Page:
Chronological Order: Show Me the Timeline!
Posted July 21, 2010on:
Enmeshed as we are in time, it’s no wonder that timelines are among the most-used graphical devices.
But what to do when you need some ideas about all the ways you might represent a timeline?
As I was thinking about how to show eye-catching and mind-grabbing examples of timelines in this post, it occurred to me that nothing I could quickly devise would be a match for what is already in use on the web.
So I went hunting for timelines. And was pleasantly surprised. In addition to the well-known and beloved static graphs, charts and tables, I discovered some wonderfully unusual as well as interactive methods of showing time, which I share with you on the rest of this page.
Put on your hiking boots, rev up your curiosity and check out the following sites, where you will find plenty of useful ideas for creating readily understandable timelines that will dazzle your audiences. The examples can serve as models to help you communicate your information in vivid and delightful ways.
General. This MIT site contains some excellent timeline examples that will inspire you to think and get more creative. Within each timeline, take a tour of all the clickable, interactive features.
And of course there is Google Images, which presents a dizzying variety of inventive timelines. Click on an image to access the website of origin, where you can also enlarge the image.
Geologic Time Periods. This ingenious clock representation of the geologic time scale makes the length of each period relative to all the others readily apparent to even the casual reader. A “zoom” button in the caption area lets you enlarge the illustration. Compare that model with the accompanying standard, linear timeline that conveys the relative lengths of the supereons, eons, eras and periods in the earth’s history. In both examples, note the excellent use of high-contrast colors.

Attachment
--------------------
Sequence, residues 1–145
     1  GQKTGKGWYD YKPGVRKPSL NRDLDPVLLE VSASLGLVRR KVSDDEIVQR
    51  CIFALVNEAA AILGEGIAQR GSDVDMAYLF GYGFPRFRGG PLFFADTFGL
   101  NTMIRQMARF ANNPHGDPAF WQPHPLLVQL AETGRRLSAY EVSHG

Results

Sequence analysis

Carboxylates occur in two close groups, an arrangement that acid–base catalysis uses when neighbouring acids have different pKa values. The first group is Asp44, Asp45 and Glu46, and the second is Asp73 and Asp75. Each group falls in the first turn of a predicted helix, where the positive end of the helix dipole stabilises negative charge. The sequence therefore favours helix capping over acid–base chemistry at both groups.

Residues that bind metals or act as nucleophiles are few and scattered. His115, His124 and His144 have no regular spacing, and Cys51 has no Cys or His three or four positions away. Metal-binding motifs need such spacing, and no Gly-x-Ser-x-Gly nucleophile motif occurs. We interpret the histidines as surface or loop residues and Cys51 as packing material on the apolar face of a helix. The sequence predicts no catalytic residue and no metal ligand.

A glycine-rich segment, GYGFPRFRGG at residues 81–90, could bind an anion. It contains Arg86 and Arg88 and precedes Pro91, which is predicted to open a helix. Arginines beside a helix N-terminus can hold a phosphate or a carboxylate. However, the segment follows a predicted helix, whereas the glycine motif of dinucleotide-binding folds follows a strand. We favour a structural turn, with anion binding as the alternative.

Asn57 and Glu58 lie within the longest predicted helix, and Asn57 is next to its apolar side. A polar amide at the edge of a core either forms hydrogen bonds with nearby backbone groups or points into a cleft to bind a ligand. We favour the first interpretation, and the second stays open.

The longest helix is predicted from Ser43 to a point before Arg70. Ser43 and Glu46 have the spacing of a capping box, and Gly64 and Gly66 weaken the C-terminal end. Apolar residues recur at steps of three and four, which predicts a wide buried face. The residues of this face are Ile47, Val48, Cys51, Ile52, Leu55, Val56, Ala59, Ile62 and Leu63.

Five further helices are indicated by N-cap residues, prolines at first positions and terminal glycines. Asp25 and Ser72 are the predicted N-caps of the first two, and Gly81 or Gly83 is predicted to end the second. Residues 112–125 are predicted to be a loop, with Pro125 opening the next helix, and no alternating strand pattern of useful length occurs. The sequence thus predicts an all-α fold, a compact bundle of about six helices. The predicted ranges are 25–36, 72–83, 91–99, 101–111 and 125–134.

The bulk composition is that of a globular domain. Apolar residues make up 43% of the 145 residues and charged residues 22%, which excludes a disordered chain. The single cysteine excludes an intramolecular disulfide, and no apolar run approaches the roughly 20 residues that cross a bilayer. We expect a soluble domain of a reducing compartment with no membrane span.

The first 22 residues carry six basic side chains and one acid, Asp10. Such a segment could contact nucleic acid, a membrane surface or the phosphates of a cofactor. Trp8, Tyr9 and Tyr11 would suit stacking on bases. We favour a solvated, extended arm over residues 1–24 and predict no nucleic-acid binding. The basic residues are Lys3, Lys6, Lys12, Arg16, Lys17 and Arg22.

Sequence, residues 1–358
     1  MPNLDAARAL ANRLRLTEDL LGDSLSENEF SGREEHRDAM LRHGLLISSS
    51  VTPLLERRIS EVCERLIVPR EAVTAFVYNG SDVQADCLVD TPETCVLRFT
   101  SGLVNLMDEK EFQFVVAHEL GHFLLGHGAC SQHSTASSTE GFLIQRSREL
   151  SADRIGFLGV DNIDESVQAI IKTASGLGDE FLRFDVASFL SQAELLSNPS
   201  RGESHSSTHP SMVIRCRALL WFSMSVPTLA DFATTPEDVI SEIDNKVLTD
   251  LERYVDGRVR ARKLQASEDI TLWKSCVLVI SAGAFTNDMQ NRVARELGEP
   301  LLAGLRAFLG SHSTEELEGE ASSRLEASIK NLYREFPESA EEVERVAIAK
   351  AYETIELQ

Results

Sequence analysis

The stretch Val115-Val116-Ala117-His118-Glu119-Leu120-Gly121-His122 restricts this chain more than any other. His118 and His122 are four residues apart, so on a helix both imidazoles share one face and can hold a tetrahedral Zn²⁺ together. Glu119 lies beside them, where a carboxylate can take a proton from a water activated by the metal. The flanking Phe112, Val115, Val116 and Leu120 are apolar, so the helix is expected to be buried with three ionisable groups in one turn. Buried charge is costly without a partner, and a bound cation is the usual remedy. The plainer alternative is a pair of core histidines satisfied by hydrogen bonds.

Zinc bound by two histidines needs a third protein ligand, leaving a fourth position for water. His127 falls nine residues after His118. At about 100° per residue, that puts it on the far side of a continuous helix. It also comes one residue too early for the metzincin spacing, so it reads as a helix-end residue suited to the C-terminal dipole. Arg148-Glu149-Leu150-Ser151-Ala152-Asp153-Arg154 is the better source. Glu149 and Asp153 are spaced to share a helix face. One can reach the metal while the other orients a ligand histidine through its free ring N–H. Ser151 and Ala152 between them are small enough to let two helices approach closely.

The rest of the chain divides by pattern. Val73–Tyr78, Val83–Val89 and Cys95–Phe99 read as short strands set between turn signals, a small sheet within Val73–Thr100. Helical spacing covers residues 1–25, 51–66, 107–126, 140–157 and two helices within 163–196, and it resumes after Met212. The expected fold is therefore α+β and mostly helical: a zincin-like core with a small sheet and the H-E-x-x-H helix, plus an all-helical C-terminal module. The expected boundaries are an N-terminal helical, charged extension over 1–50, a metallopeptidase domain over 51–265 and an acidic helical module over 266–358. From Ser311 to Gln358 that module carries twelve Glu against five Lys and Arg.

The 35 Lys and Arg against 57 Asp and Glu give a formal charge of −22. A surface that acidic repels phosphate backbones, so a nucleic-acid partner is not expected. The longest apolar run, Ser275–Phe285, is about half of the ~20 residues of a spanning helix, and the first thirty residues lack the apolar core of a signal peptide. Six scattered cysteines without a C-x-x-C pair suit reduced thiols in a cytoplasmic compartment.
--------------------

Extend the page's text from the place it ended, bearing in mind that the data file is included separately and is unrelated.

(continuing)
Global Financial Crisis. On the Federal Reserve Bank of New York’s website, click on the word “Timeline” in each paragraph to display a PDF that clearly and beautifully illustrates the domestic and international timelines of policy responses to the global financial crisis.
Evolution. How do you show the major events in the development of life on earth? This is a fairly tall order, as the timeline of evolution stretches over billions of years, but the graphical and tabular models you will find at this site present a comprehensive picture.
Big Bang. The Big Bang was so huge and complex that one graphical timeline alone could not do it justice, which is perhaps why it is accompanied by a physical-cosmology table that contains many links to other related timelines. This example shows how sets of interrelated contextual information can be communicated to readers in a very approachable way.
World War I. This timeline of World War I uses tables to list key dates and event descriptions. The various war theaters are color-coded.
Immigration History. If you have questions about the history of immigration, the Statue of Liberty-Ellis Island Foundation timelines can help you. Each time period you select is accompanied by overview descriptions and relevant images.
History – Examples. Here are some typical ways to show a history timeline. Although this site is geared to teaching students about timelines, the examples are good and could be used as general models by anyone.
World History. The TimeMaps Atlas of World History uses maps with date tabs to allow you to step your way through key events in world history. These highly interactive timelines impart a full sense of the sweeping context of time for each event, its time period and its geographic location.
Emerging Diseases. The Global Health Council website shows several useful ways of representing emerging-disease timelines. Examples include pathogens identified since 1972, severe acute respiratory syndrome (SARS), and avian influenza.
For more about timelines, you might like the following post in my blog: Timelines about Life
Do you have any timeline examples to share with the readers of this blog? We’d all love to hear from you, so leave a comment, including the link to one of your personal favorites. Elizabeth Lexleigh LexPower The Write Ideas